August 16, 2006

Cuts from Team Planet

Posted by Arcane Gazebo at August 16, 2006 3:02 PM

It seems that some astronomers, perhaps lacking cryogens to play with, have been wasting their time on one of the dumbest controversies of the modern era: whether Pluto is technically a planet. Personally, I don't care very much. Tiny Pluto with its elongated and tilted orbit always seemed awkwardly tacked on to the list of planets anyway, and if it doesn't make whatever arbitrary cutoff the astronomers pick, I won't miss it.

However, the passion with which Pluto's status is defended in some quarters is astounding. Do people really attach such emotional weight to the issue? Maybe that glorified snowball has kind of an underdog appeal, or perhaps it's a laudable impulse not to throw the weird one out of the clubhouse. As scientists, however, we must be objective (ha!) and this post lays out the very convincing anti-Pluto case.

(Via Making Light, which quotes a sensible comment from one of Berkeley's own astronomers: “I am not attending the I.A.U. meeting, nor do I care about the outcome of any vote about whether Pluto and Xena are ‘planets.’”)

Tags: Science, Space
Comments

The reason it matters, as I discuss here is that it influences science education. What planets are kids taught about, what are they not taught about? What becomes common knowledge?

Also, the most genuinely controversial issue, which is whether the "dwarf planet" v. "classical planet" category cutoff should be Mercury or Pluto isn't really an issue with a definitive scientific resolution. So, the broader cultural and educational implications are what really matter in that decision.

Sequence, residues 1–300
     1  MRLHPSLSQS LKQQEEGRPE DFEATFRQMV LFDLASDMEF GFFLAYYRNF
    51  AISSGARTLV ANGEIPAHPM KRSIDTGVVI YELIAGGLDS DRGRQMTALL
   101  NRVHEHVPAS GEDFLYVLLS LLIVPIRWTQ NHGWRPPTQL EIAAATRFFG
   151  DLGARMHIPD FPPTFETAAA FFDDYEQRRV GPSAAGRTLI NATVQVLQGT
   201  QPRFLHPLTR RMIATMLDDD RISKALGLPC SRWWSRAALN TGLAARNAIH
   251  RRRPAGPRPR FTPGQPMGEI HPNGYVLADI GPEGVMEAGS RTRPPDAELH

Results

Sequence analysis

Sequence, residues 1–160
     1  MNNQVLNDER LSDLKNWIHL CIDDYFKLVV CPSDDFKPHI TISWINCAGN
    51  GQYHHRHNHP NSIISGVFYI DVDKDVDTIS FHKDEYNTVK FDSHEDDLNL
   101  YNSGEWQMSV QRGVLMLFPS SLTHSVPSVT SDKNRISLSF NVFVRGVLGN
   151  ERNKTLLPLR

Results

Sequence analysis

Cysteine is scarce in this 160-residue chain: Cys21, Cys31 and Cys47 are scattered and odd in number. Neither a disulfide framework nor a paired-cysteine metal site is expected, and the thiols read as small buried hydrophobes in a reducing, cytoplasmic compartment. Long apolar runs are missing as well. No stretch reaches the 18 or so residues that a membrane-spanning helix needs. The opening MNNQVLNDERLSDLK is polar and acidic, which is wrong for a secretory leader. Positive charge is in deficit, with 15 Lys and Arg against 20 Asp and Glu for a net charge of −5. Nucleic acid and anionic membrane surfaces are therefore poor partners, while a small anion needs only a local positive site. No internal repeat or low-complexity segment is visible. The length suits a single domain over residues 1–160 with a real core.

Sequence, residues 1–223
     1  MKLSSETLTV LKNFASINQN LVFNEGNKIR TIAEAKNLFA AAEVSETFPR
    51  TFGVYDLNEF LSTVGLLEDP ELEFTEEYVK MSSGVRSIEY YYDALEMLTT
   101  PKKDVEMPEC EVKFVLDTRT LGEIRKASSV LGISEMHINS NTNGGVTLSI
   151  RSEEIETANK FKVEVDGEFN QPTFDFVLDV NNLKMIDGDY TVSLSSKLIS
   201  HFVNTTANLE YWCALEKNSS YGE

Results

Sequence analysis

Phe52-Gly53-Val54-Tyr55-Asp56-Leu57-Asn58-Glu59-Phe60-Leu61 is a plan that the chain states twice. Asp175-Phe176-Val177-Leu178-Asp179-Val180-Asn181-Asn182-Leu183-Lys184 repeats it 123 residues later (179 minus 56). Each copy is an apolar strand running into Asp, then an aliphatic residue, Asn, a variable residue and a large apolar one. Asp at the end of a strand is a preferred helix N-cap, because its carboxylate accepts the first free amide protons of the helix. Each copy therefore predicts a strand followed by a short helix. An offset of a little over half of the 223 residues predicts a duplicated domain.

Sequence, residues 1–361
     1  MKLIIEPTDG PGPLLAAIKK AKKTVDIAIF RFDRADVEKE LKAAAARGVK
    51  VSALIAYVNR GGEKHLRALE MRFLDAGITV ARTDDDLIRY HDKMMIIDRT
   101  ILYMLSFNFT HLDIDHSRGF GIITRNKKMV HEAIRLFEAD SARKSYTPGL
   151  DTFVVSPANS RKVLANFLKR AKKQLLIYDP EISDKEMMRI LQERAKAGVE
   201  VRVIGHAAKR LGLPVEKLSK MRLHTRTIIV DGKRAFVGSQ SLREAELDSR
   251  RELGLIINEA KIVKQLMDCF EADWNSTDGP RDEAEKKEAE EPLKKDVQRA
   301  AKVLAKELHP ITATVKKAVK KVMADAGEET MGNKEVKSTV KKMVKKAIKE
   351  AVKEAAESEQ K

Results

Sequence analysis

There are probably 100 planets in the solar system under a broad definition. The big eight are undisputed the big ones. The real issue is how many planets beyond those eight should be canonical bits of astronomy knowledge that everyone should have. Expecting people to know all 100 is a waste of time, although people probably should know that there are 100 or so. But, if a definition could make a dozen or fifteen planets common knowledge by labeling them more important somehow, instead of just nine now, that could be a plus.

Posted by: ohwilleke | August 16, 2006 3:34 PM

The cynical side of me sometimes wonders if textbook publishers are secretly funding the war on Pluto.

Beyond that, the only reason I can see to defend Pluto as a planet is that PIZZA IS AWESOME.

Posted by: Lemming | August 16, 2006 4:22 PM

In all fairness, Pluto needs a neighbor called "Brutus."

Posted by: Mason | August 17, 2006 12:47 AM

That would be better if Charon was named Pluto and Pluto was named Goofy, but yeah.

Posted by: Lemming | August 17, 2006 1:18 AM

Hey, stop dissing the boatman of the lower planes. Were you missing your eight-sided coin when you tried to cross?

Posted by: Mason | August 18, 2006 12:27 AM

Yeah, all I had was my three-sided playing card, and he wouldn't take that, so he sent me back to Florida for eternity.

Posted by: Lemming | August 18, 2006 11:06 AM

You know, it's funny how they use the term 'eight-sided' when they really mean 'eight-edged.' That never actually occurred to me until now.

They would have made horrible graph theorists.

Posted by: Mason | August 18, 2006 4:37 PM

What's worse to all geophysicists is that these frikkin' astronomer types want to call pluto a 'pluton'. Don't they know that 'pluton' already has a meaning that has nothing to do with planets? idiots...

Posted by: mohi | August 21, 2006 8:54 AM
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